Net reinforcement: Capitals sign goalie Tomas Vokoun to one year, $1.5 million deal

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When free agency began yesterday, Tomas Vokoun was set to be the goalie to make the biggest splash on the open market. As it turns out, he’s made a huge splash but not with the contract he signed. Instead, he’s making waves by who he’s signed up with.

Vokoun signed a one year contract with the Washington Capitals worth $1.5 million to be the Caps starter next season and make them the one of the on-paper favorites to win the Stanley Cup in 2012. Vokoun comes to Washington from division rival Florida where on many nights he was the Panthers’ best player by far.

Playing goal for a team that didn’t do much in the way to support him with goals, Vokoun still had stellar numbers last season going 22-28-5 with a 2.55 goals against average and a .925 save percentage. Vokoun also pulled off six shutouts in an up and down season that saw him sometimes have issues dealing with coach Peter DeBoer. DeBoer’s insistence during part of the season to split time between Vokoun and backup goalie Scott Clemmensen got Vokoun a bit riled up and essentially sealed the team’s fate in being able to keep him after his contract was up.

Now, Vokoun heads to the Capitals where he’ll tutor fellow Czech goaltender Michal Neuvirth and help ensure that fellow youngster Braden Holtby continues his growth in the AHL. Vokoun will also finally be playing for a team that can score a ton of goals to support his play in net. After a career that saw him go from Nashville to Florida, one thing he’s never gotten before is offensive support. Joining up with a team featuring Alex Ovechkin, Alexander Semin, Nicklas Backstrom, and Mike Knuble getting goals, despite the Caps problems last year, won’t be a problem.

The most remarkable thing about Vokoun’s deal is that it’s both neither a long one nor an expensive one and there may be a guy he’s got to thank for that: Evgeni Nabokov. Last year, Nabokov was poised to cash in on a long-term deal worth a ton of money only to find there weren’t any starting jobs to be had. Teams either filled needs in goal internally or with cheaper players. Nabokov was left on the outside looking in during free agency and ended up signing to play in Russia before coming back to the NHL in a tumultuous affair that saw him sign a deal with Detroit only to be taken on re-entry waivers by the Islanders. He’s still currently Isles property and hasn’t played in the NHL since the end of the 2009-2010 season.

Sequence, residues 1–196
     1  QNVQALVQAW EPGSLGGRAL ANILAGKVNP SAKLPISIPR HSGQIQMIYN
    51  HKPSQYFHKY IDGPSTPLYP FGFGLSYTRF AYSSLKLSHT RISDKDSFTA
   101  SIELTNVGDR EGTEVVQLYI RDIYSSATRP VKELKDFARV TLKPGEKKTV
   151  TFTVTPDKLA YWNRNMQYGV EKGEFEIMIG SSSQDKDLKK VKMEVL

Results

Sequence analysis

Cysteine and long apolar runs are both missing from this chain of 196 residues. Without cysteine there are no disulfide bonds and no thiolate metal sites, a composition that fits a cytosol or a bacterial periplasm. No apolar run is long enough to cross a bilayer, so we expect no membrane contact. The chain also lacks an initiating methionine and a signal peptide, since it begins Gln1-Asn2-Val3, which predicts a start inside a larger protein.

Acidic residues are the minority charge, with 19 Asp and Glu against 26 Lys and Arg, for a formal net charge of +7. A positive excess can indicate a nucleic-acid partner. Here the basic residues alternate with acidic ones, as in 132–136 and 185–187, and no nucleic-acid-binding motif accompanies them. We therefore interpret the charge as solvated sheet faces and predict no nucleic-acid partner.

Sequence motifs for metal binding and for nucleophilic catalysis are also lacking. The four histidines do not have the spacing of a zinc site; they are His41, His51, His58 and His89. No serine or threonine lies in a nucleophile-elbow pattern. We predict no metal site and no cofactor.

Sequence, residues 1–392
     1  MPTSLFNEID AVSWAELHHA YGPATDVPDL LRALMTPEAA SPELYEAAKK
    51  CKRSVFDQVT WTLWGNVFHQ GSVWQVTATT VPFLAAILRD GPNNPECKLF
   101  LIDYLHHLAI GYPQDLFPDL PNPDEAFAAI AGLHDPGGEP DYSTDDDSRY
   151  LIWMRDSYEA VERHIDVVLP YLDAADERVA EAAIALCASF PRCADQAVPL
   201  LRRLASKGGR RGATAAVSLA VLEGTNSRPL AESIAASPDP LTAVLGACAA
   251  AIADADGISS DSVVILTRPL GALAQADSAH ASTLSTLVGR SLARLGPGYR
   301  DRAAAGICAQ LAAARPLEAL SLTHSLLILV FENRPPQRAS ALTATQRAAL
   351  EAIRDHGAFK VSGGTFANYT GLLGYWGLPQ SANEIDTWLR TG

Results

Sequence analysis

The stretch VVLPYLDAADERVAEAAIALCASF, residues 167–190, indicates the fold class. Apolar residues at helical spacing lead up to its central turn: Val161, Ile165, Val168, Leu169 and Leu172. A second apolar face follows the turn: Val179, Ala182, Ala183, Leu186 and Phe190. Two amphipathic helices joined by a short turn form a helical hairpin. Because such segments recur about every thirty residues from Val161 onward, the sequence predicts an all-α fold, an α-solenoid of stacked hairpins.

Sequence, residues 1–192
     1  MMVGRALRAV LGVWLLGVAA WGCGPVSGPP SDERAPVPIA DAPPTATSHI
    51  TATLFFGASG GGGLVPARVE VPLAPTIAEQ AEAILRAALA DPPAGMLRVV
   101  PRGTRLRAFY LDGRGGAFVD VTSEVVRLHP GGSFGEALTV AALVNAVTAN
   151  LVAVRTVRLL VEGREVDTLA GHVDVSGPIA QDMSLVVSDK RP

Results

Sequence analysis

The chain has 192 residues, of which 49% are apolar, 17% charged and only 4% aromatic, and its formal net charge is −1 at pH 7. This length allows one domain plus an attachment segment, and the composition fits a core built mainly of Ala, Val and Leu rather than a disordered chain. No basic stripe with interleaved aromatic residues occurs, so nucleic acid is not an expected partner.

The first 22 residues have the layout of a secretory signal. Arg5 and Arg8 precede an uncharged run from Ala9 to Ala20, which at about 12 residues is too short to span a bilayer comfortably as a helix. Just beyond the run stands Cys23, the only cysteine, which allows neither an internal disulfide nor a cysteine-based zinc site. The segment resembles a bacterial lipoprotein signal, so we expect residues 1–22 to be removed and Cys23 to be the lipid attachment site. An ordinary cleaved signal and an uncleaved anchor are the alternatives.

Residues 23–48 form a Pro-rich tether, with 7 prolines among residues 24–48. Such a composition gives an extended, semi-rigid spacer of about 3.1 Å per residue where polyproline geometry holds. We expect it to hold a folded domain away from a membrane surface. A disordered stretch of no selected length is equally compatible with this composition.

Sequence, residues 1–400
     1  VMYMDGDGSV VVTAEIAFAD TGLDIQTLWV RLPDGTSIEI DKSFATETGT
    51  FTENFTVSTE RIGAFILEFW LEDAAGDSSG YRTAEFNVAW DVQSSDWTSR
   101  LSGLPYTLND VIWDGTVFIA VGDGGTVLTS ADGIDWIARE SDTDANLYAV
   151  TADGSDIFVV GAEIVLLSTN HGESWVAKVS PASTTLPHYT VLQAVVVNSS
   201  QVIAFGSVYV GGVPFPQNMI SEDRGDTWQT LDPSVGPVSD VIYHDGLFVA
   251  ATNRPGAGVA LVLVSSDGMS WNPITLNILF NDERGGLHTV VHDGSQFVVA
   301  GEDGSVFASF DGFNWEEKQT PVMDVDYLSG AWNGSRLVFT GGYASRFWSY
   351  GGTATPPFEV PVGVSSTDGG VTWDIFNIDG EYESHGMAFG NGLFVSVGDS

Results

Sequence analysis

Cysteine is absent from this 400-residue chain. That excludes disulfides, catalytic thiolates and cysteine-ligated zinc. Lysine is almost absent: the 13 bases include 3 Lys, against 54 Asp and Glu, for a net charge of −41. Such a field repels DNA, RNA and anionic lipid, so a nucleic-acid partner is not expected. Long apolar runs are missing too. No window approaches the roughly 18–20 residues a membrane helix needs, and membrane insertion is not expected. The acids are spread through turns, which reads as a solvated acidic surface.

At 35 years old, Vokoun likely didn’t want to suffer the same fate and after the Colorado Avalanche acquired Semyon Varlamov from Washington in a seemingly lopsided deal in favor of the Caps, the starting opportunities around the league were all but gone. Considering that Caps GM George McPhee was able to get a first and second round pick from Colorado for Varlamov and he landed a #1 goalie in Vokoun for just $1.5 million, we’re starting to think McPhee is a Jedi master.

The signing is a great one for the Capitals as they’ve now got the #1 goalie they’ve never had before. While goaltending wasn’t always the major issue with Washington, they now have no doubts whatsoever about who their big game guy is in net. Vokoun will help accent the Caps’ dedication to defense and help make everyone’s numbers a lot better by giving them someone to believe in. One thing’s for sure, after the moves the Caps have made already two days into free agency, they’re looking awfully strong.

If it all pays off in a Stanley Cup next June, the Caps and their fans will get to have that celebration they’ve been praying for since Alex Ovechkin put the team on his shoulders and carried them to the top of the regular season standings.

Video: Flames goalie makes incredible behind-the-back glove save

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A save of the year candidate in September? It’s possible.

Jon Gillies of the Calgary Flames made an incredible stop during Wednesday’s exhibition game against the Vancouver Canucks.

The camera angle from directly above the net is the best, as it clearly shows how Gillies appeared to bump the puck back toward the goal line, then suddenly reach back with a no-look, behind-the-back glove save to prevent a Canucks goal and stop play.

That is one incredible save.

Drouin shows ‘commitment’ to community with donation to Montreal hospital

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Jonathan Drouin has yet to play a regular season game for his new team, the Montreal Canadiens.